If you are familiar with AVID you are familiar with Cornell notes. There are tons of resources out there to show you what they are and how they work, but here is my take on them and why I refuse to move on from them despite no longer teaching at an AVID school.
In my Interactive Notebooks (INB's) I make ALL of my right-hand pages direct instruction pages set up in Cornell-ish notes style. This consistency throughout my INB helps my students know what to expect for direct instruction, nurtures review and reflection of content, and ultimately makes grading easier too. When I explain how to do this AND the reasoning behind why I am making them take Cornell-ish notes they buy into the work more.
As you can see along the top bar I have my students write in the unit we are in to help with organization. They must also write the learning intention of the lesson. A lot of teachers/ schools use learning targets or essential questions here. The main goal of that is to have a clear "I will" or "I can" statement that explains what your expectation of learning is for this 1 page of instruction. I used to roll my eyes about these being required for evaluation purposes because it seemed like busywork, but I have embraced them and their importance now.
The bulk of the page is dedicated to the direct instruction notes. Now I have evolved this section in many different ways over the years so you do what works for you and your students best. If you have older students that know how to take good notes here, you can just leave it blank for them to complete on their own. My lower-middle schoolers are still developing these skills so I started by making these printed guided notes. Remember to print on 1/2 pages and for them to fit in the space. To allow for the summary, you will have to teach them to fold up the bottom 1 1/2 inches of the paper before gluing. You can see that my notes now have evolved to the more visual "doodle" style notes. If you like my Nature of Science Notes check out my Teachers Pay Teachers store. I have my 6th-grade "doodle" style notes available and am working on adding more for other science topics in the future.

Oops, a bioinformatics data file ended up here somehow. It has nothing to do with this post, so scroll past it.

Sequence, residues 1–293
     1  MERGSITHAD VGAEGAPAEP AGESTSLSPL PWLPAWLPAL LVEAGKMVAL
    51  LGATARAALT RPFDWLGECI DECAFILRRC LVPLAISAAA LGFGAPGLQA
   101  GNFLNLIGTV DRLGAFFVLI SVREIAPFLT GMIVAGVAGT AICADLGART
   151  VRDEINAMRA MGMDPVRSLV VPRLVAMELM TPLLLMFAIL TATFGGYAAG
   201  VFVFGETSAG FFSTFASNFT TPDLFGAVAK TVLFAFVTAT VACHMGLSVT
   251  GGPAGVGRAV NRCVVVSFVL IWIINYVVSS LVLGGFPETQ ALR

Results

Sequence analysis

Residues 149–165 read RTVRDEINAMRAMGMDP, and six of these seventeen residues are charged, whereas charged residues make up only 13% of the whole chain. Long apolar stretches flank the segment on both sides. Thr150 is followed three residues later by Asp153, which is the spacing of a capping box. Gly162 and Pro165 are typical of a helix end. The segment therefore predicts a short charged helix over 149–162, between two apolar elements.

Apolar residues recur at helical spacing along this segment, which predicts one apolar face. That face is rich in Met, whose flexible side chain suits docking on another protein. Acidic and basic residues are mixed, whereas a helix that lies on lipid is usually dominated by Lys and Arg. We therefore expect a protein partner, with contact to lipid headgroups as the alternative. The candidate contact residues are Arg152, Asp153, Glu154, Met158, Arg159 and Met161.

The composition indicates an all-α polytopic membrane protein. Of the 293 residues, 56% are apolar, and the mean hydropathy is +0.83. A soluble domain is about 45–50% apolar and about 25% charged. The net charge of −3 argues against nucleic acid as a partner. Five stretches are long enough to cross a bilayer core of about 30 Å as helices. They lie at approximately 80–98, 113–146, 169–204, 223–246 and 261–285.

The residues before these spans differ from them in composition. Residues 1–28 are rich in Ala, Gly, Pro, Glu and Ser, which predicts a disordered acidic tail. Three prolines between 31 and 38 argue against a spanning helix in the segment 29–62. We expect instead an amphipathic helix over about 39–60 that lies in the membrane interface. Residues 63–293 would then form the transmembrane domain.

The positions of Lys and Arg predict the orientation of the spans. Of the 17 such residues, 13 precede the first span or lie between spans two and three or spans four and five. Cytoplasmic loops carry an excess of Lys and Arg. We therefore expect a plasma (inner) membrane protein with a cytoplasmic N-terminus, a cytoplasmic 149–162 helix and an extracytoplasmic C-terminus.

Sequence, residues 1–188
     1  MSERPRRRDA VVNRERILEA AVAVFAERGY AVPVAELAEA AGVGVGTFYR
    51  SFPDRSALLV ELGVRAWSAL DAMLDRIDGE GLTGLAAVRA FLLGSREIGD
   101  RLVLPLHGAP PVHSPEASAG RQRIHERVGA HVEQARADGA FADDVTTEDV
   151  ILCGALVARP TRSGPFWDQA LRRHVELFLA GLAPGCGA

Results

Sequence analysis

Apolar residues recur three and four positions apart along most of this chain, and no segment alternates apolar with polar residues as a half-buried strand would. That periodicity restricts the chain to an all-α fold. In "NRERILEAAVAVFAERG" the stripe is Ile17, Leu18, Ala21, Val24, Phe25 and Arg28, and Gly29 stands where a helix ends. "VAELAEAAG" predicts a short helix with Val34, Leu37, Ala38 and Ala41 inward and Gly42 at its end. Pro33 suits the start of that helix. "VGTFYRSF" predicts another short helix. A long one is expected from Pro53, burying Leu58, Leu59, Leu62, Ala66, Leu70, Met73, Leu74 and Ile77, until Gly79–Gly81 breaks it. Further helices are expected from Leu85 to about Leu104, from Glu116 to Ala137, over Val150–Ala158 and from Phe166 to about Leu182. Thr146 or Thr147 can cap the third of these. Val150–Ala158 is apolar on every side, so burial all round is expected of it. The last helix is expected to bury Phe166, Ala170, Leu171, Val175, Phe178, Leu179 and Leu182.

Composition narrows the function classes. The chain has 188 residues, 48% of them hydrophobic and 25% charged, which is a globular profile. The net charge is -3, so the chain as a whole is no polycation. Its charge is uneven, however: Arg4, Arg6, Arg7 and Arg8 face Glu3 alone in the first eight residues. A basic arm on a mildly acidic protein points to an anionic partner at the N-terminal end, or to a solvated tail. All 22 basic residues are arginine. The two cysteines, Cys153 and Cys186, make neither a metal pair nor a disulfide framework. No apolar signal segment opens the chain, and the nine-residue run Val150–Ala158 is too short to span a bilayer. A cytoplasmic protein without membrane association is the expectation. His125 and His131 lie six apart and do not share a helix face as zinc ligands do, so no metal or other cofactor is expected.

The side question column is a very important space and where I changed the traditional Cornell notes rules a bit. When designing my lesson, I purposely think about how I can break my direct instruction time into 3 chunked sections. After I finish teaching each section I take a brain break. If you have read the research you know that young students (and a lot of adults) have limited attention spans where they can stay focused and engaged in an activity. If you can tell by my writing style, I like to talk, so it is VERY easy for me to get carried away and teach for a full 50-minute class.
Well, we all know that 50 minutes of lecture is not a very effective style of teaching and most of what you say will go in one ear and out the other. So to combat monologue instruction, after I finish each identified chunk I have students take a few seconds to think and write out a study or test style question for that 1 section of material. When they make these questions they are being forced to go back through the material I just taught them to decide which question to write. Then in writing the question they will subconsciously answer it. Think about it, can you read "What is the 1st month of the year?" without thinking of January! It is difficult to do. I normally say okay you have 55 seconds to write your 1st study question (do not say 1 minute because students often think a minute equals an eon and they don't have to get to work quickly. Using the seconds unit in your timer reduces that. At the end of the 55 seconds, I will ask for 3 students to share their questions. Again, that simple request has students reviewing the material again and again and they LOVE sharing their questions. If I have a shorter content lesson or more time I will make this whole question sharing process Think-Pair-Share style.
"I require 3 study questions per page of notes so it is a great way to pace instruction, allow for ample but constructive brain-breaks, and have passive review throughout the lesson. "
At the bottom of the page, I ask students to write a 2-3 sentence summary of their learning. This is built-in and required reflection time. I have students refer back to the learning intention at the top of the page when writing their summaries. This is the last activity of the lesson but a lot of time it becomes their "homework". The beauty of summaries is that students will scan through their notes again to write it. So by the end of the Cornell-ish notes page, my students have heard me teach the instruction material directly and reread their notes several times. We all know that to retain the information you have to see/hear it several times to retain it. Most middle schoolers have not quite figured out how or why it is important to study, I have a system that forces them to review every page of instruction and they don't even realize it!